In the minds of many physicians, a major surgical procedure following intensive irradiation entails considerable risk of increased postoperative morbidity, a concept especially prevalent in the treatment of cancer of the head and neck. Partially for this reason, radiation has often been reserved for surgical failures rather than attempting a radiation cure initially. It is not uncommon to observe both house staff and experienced surgeons attribute any postoperative complication occurring in or near an irradiated area to "radiation effects."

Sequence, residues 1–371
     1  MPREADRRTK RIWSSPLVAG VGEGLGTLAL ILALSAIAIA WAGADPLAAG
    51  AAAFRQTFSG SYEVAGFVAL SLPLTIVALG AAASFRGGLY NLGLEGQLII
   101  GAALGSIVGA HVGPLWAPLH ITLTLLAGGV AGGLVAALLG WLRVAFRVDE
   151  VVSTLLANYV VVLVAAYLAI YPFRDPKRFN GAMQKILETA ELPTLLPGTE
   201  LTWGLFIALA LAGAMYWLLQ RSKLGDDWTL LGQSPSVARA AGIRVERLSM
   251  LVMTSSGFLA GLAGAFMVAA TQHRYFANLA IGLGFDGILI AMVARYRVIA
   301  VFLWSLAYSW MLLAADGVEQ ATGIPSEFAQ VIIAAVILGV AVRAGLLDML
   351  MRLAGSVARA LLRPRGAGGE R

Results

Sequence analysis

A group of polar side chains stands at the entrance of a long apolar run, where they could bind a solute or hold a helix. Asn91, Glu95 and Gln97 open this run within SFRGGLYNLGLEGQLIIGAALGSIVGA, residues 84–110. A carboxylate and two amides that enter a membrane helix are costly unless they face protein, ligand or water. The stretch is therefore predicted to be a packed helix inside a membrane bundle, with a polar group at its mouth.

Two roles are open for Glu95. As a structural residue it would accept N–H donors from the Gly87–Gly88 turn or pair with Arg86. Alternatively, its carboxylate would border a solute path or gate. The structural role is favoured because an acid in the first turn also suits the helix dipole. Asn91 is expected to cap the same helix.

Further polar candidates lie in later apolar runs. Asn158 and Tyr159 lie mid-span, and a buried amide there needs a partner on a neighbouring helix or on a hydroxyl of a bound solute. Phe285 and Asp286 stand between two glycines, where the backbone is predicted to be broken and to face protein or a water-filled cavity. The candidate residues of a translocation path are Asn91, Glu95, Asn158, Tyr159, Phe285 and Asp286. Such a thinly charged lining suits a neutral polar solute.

With the newer radiation modalities and techniques, the damage to vasculoconnective tissue can be greatly reduced, which should lead to less delay in wound healing and less postoperative morbidity. It is the opinion of many therapists and a few surgeons,1,2,4-7,10-13 that the postoperative morbidity after competent irradiation differs little from that of the surgical procedure alone, but there is little published experience to substantiate this opinion, especially for high-energy (super-voltage)